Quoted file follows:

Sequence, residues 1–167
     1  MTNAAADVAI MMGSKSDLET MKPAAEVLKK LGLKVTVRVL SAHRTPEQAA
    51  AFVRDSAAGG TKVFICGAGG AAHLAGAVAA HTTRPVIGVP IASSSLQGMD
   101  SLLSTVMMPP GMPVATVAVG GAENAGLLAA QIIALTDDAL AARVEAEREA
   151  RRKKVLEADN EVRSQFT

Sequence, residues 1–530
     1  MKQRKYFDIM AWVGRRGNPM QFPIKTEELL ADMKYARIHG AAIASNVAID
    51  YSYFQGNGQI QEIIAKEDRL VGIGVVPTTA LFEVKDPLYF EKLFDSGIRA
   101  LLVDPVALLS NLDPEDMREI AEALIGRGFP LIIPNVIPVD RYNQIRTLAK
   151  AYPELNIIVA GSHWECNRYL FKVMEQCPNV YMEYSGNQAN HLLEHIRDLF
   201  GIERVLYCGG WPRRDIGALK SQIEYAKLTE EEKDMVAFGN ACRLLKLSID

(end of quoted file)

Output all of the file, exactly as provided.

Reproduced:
Sequence, residues 1–167
     1  MTNAAADVAI MMGSKSDLET MKPAAEVLKK LGLKVTVRVL SAHRTPEQAA
    51  AFVRDSAAGG TKVFICGAGG AAHLAGAVAA HTTRPVIGVP IASSSLQGMD
   101  SLLSTVMMPP GMPVATVAVG GAENAGLLAA QIIALTDDAL AARVEAEREA
   151  RRKKVLEADN EVRSQFT

Sequence, residues 1–530
     1  MKQRKYFDIM AWVGRRGNPM QFPIKTEELL ADMKYARIHG AAIASNVAID
    51  YSYFQGNGQI QEIIAKEDRL VGIGVVPTTA LFEVKDPLYF EKLFDSGIRA
   101  LLVDPVALLS NLDPEDMREI AEALIGRGFP LIIPNVIPVD RYNQIRTLAK
   151  AYPELNIIVA GSHWECNRYL FKVMEQCPNV YMEYSGNQAN HLLEHIRDLF
   201  GIERVLYCGG WPRRDIGALK SQIEYAKLTE EEKDMVAFGN ACRLLKLSID